As a business owner, you may think invoicing is a straightforward process that does not require your full attention or human intervention. You need to issue error-free invoices for your business to grow and reap profits.
Even if you know that an accurate invoicing process is necessary to maintain a positive cash flow, simply informing your clients about the amount they owe your business isn’t going to work. Besides, it is unprofessional and wastes resources. An error-ridden invoice confuses the customers, and this delays payments. It further damages your brand’s reputation and creates a dent in your client’s base. But the good news is the errors that render invoices invalid can be fixed easily. To fix invoicing issues, you need to know what makes an invoice invalid after issuing them to your customers.
Manual or paper invoices take longer to process and deliver and are prone to errors, inaccuracies, and duplication. They’re also more likely to get lost during the delivery process. When your client receives an error-ridden invoice manually, it becomes void.
Fix a mistake on a manual invoice by crossing out the wrong information and writing in the correct numbers. When crossing out these mistakes, remember to use a correction pen to cover the errors before writing over them. Since using a correction pen or simply crossing over the mistakes makes your business invoice look unprofessional, start over with a new invoice paper.
Keep a copy of the previously discarded bill if you number your invoices to help document the sequence difference. After correcting the bill, send it to your customer along with a note explaining the reason for the correction. For reference purposes, keep both versions of the invoice.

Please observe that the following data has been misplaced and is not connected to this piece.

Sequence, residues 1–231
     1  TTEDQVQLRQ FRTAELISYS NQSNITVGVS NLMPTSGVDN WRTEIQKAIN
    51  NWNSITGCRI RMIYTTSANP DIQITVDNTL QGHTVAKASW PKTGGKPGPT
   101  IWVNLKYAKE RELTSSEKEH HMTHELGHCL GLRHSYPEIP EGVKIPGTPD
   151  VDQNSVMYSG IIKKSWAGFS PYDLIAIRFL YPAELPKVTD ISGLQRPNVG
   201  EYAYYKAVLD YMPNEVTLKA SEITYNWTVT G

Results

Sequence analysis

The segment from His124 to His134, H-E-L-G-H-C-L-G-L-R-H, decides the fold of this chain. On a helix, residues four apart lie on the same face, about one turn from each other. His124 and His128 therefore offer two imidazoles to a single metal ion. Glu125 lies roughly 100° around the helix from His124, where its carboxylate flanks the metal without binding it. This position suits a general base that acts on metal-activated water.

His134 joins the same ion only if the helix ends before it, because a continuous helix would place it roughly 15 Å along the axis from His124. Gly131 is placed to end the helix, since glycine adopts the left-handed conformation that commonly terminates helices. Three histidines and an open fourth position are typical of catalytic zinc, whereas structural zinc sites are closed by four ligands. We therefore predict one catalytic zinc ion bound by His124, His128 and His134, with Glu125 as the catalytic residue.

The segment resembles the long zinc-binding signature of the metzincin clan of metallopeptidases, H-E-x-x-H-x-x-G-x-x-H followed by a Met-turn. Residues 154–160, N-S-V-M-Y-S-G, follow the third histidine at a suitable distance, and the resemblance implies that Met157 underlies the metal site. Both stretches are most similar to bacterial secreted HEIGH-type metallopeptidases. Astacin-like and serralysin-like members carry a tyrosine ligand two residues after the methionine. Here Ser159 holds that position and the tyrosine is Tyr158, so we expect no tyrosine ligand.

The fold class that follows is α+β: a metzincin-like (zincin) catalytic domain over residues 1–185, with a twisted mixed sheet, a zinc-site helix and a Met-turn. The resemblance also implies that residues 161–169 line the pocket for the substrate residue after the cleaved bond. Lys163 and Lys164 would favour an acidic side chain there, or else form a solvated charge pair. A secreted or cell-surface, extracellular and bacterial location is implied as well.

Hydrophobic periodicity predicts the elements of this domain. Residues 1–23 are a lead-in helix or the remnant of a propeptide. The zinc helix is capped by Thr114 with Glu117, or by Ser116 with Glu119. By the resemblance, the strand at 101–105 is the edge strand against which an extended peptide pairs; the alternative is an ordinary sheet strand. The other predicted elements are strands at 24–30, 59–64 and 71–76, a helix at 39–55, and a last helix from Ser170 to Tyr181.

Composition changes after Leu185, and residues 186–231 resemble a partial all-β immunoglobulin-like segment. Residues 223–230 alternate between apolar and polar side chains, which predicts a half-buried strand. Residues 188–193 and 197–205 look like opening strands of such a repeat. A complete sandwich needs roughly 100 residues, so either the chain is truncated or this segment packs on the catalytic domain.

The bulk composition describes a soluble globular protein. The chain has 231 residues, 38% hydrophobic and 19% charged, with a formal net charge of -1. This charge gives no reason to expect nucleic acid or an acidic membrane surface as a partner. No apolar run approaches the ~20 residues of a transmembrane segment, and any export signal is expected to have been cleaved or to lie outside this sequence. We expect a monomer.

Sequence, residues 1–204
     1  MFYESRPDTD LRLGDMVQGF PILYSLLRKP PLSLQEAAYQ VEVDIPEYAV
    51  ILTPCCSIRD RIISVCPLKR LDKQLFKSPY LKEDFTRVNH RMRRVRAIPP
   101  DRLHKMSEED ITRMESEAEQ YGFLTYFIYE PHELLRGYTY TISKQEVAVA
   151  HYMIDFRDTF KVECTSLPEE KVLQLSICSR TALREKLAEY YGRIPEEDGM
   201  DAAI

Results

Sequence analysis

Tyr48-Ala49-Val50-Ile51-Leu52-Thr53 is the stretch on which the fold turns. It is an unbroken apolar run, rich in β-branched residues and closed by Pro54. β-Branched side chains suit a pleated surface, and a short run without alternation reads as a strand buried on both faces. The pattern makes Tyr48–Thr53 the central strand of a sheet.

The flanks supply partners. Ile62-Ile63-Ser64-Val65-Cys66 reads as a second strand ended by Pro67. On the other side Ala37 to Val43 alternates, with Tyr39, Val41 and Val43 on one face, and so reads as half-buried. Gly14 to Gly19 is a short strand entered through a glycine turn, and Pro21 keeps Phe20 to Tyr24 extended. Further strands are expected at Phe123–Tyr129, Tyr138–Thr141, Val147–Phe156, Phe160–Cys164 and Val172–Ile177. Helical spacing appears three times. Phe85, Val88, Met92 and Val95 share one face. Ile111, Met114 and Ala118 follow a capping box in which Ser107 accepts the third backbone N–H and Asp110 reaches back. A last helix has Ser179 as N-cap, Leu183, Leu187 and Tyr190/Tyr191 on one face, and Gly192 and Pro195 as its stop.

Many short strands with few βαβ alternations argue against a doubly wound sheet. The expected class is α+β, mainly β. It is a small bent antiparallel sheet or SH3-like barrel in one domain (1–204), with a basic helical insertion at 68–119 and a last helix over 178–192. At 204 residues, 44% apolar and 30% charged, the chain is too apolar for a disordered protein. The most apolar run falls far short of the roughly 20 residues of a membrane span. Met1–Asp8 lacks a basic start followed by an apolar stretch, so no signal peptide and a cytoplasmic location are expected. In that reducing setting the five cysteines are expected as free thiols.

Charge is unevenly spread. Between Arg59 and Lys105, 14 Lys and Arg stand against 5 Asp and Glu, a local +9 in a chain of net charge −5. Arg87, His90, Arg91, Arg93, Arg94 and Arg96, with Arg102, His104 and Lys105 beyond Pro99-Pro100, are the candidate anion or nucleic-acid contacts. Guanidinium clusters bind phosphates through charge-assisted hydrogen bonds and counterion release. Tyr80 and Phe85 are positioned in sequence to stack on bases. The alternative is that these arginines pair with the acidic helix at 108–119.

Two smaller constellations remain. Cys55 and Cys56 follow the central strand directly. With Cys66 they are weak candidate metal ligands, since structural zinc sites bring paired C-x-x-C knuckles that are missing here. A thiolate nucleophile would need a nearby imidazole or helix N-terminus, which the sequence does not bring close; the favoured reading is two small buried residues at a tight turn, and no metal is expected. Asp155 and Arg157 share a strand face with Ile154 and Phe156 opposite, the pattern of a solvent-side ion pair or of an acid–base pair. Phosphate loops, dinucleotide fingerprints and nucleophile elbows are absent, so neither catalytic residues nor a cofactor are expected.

Using accounting and invoicing software eliminates these manual invoicing issues. The software sends and delivers invoices to customers automatically. It makes your business processes more efficient and streamlined. You can customize templates for each customer.
Electronic invoicing systems are also a cost-effective way to track invoicing and payments. It is perfect for sending automatic reminders for bill payments.
Even if you understand the language and terms included in the outbound invoices, you should check to see if the recipient can easily understand the language. For example, you may state the actual payment deadline using ambiguous terms like “due by first date,” or “pay by first working day”, which may confuse your customers. When they don’t understand the terms, they would either discard the invoice or interpret it as they deem fit.
It gets complicated and cumbersome if you sell several related and unrelated products and services to the same client and send bill notifications to them at different times. These issues would render invoices invalid after issuing them to customers.
Solve this issue by being as straightforward as possible. State your terms explicitly and use invoicing languages that are easy to understand, such as using actual job quotes, descriptions, the exact purchase order, and other related titles and documentation. Format the bills so that all the information your client needs is easy to find just by scanning the documents.